Saturday, April 4, 2020

Beer fume drives up Sechaba Holdings profits

Sechaba Holdings Limited, the country’s biggest brewer’s fortunes swang up at half year reporting period driven by pent-up beer demands in both local and regional markets- putting the organization into gear of making some inroads into the southern Africa’s biggest market of DRC and South Africa.

KBL, the beer and soft drink division of Sechaba Holdings, said beers fume steered operating profits up 15 percent during the six months to end of September to P 81 117 million from P 70 million during the same period in the previous year .
The sterling performance was supported by beers volumes which recovered from -12.8 periods.
KBL’s Managing Director, Hloni Matsela, told The Sunday Standard on Friday: “This is all about our strategies which are now falling together. I’m very upbeat about the future and, I think, this growth will continue into the next year and even beyond,” he said.

The brewer said all their brands contributed to the positive results that were shown at half year result but stressed that St. Louis still remains its “star performer” among the beer brands in its stable.
Aggressive measurers were taken by mid year to close the gap that was left by AmstelÔÇöthe Dutch beerÔÇö following an argument over licencing rights in southern Africa to KBL’s parent company, the giant SABMiller.

SABMiller hit back by introducing a line of premier beers in its stable, which included Peroni, the Italian beer, and Hansa Marzen Gold, Castle Light and Miller.

“Peroni was very positively received in the local market and it is growing within our expectations, “he said.

He added: “We have managed to close a number of gaps that we had and are very positive about the future growth. One other thing which is working in our favour is the economy which has turned around.”

Further, to seal the gap at the lower end of the market, KBL introduced the 750 ml of bottled beer in its attempt to get into the South African market.
“We are currently exporting into the regional markets, in particular South Africa and DRC. In South Africa, we are exporting to the Rustenburg and Mafeking areas. And our 750 ml bottled beer is doing well there,” Matsela said.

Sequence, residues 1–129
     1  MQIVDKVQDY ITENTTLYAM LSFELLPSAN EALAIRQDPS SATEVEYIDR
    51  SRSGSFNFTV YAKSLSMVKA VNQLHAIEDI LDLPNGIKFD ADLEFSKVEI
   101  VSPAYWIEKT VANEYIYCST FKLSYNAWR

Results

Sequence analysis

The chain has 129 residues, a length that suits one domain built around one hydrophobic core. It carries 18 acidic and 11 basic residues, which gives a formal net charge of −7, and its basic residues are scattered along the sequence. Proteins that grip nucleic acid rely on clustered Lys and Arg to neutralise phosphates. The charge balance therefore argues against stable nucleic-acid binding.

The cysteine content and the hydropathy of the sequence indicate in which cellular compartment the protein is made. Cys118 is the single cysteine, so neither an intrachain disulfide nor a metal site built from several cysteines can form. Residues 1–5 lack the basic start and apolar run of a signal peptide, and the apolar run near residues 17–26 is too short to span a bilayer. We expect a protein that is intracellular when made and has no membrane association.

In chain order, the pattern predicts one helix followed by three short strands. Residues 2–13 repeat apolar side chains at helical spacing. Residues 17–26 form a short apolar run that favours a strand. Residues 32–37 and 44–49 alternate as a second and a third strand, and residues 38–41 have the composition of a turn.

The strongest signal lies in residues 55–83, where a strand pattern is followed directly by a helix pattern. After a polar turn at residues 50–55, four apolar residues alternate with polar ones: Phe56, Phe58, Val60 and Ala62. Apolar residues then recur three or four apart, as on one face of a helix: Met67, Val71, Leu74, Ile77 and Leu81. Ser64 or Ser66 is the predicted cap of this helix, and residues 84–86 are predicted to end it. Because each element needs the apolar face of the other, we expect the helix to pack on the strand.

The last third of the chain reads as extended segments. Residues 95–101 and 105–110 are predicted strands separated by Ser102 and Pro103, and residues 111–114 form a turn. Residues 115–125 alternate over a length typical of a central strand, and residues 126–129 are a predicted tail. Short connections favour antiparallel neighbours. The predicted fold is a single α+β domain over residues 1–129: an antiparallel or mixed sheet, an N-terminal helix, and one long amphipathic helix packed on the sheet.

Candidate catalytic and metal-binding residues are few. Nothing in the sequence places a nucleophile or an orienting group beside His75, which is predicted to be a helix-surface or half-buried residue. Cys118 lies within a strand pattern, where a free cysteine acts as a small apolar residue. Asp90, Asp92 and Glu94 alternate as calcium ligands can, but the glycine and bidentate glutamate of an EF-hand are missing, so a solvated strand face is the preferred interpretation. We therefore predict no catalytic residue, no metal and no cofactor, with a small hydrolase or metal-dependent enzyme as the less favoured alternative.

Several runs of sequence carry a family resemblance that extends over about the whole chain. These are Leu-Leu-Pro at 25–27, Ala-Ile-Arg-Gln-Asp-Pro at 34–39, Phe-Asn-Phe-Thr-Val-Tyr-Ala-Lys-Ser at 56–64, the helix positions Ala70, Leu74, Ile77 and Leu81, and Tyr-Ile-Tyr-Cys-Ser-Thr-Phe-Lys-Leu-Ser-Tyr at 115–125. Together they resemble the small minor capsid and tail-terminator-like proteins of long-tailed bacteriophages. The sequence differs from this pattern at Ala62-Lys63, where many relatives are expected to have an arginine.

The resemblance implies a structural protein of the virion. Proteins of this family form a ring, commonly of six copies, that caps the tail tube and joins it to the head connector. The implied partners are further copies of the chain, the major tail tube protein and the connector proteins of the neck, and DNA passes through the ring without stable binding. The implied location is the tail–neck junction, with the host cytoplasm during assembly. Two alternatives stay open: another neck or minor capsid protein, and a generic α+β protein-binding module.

“We have invested heavily on our glass float. And the shortage that affected South Africa at mid year did not affect our operations,” he said.

The brands that are being exported to South Africa are Carling Black Label and Castle Light while Olhsons is doing well in the DRC.”

Some of the new developments in the market aimed at driving up growth include the re-branding of St. Louis through its new containers and well crafted campaign running under the slogan “St. Louis. Our People. Our Time”.

The slogan is intended to sensitise Batswana to buy the local product but its impact has not been felt on the balance-sheet because it started during the close period. However, St. Louis still controls about 52 percent of the local beer market.

During the same period, soft drinks volumes, which have had a slump during the first six months, shot-up 16.3 percent from -8.1 percent- a swing of 24.4 percent.

However, Botswana Breweries Limited, a subsidiary of KBL, showed a profit growth of five percent as it was being dragged down by the poor performance of Chibuku.

“Chibuku went down over the period because of a number of reasons. Firstly, there is stiff competition in the market and, in the past year, we did not make price increases. Then we increased prices by 11 percent and it has affected our sales,” he said.
Overall Sechaba recorded an impressive 14.2 percent growth in profit after tax which resulted in an increase in the total dividend declared during the period from 38 thebe to 43 thebe per share.

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